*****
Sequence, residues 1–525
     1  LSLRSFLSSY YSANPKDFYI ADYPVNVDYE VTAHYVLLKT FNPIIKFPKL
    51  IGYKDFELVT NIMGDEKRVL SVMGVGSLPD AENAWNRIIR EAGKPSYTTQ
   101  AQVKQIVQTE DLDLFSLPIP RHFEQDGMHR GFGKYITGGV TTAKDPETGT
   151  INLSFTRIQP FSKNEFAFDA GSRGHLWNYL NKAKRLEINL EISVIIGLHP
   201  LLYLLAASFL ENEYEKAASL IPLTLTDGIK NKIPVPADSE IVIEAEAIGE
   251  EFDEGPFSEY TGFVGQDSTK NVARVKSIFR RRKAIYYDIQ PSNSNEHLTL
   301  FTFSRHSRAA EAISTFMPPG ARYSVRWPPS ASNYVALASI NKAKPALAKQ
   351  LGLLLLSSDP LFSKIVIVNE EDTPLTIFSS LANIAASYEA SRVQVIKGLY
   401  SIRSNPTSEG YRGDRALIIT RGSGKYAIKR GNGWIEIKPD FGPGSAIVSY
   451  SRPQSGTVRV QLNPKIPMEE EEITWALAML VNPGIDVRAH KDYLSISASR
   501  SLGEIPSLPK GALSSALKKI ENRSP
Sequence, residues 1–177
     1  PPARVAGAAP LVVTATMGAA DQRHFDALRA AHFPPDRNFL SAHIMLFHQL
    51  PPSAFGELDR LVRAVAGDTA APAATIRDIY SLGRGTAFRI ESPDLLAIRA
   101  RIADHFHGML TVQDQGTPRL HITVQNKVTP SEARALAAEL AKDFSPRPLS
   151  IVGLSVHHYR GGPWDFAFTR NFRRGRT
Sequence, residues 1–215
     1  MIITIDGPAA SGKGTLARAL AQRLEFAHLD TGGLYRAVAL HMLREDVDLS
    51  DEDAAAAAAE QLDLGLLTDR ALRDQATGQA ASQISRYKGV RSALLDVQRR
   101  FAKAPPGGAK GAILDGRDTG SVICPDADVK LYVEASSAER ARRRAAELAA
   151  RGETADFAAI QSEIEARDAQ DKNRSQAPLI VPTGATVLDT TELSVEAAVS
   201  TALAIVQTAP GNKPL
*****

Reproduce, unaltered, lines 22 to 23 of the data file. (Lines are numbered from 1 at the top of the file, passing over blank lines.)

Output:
   151  RGETADFAAI QSEIEARDAQ DKNRSQAPLI VPTGATVLDT TELSVEAAVS
   201  TALAIVQTAP GNKPL